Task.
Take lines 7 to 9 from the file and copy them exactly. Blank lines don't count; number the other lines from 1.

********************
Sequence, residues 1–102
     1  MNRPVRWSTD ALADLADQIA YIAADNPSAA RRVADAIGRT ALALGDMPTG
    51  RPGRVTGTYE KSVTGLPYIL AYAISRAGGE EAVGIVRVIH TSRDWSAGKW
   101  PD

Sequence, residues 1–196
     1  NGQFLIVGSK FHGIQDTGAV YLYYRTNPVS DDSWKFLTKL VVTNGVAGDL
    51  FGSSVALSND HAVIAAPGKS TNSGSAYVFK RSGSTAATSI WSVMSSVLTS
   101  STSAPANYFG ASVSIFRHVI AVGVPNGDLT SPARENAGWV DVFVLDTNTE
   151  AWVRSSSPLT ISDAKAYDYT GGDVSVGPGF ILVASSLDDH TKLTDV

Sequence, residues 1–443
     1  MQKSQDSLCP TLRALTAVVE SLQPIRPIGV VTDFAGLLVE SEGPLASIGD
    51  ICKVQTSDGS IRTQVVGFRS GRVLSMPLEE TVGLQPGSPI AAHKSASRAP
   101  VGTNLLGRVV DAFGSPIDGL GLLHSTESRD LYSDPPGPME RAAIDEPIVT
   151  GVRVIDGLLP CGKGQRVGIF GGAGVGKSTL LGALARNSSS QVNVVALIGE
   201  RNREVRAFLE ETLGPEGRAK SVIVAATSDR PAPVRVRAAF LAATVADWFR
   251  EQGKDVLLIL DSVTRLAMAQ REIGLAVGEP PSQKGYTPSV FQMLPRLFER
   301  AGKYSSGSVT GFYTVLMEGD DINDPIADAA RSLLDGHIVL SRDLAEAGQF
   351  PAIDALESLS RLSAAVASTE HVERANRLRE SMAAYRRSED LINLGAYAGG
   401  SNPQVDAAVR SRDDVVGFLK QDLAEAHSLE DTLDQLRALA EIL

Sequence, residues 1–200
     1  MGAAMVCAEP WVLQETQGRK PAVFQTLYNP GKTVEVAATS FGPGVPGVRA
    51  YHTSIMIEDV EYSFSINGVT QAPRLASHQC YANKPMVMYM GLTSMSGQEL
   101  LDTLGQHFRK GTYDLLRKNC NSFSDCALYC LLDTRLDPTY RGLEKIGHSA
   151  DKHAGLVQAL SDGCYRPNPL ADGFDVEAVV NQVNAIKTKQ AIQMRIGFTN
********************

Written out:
    51  FGSSVALSND HAVIAAPGKS TNSGSAYVFK RSGSTAATSI WSVMSSVLTS
   101  STSAPANYFG ASVSIFRHVI AVGVPNGDLT SPARENAGWV DVFVLDTNTE
   151  AWVRSSSPLT ISDAKAYDYT GGDVSVGPGF ILVASSLDDH TKLTDV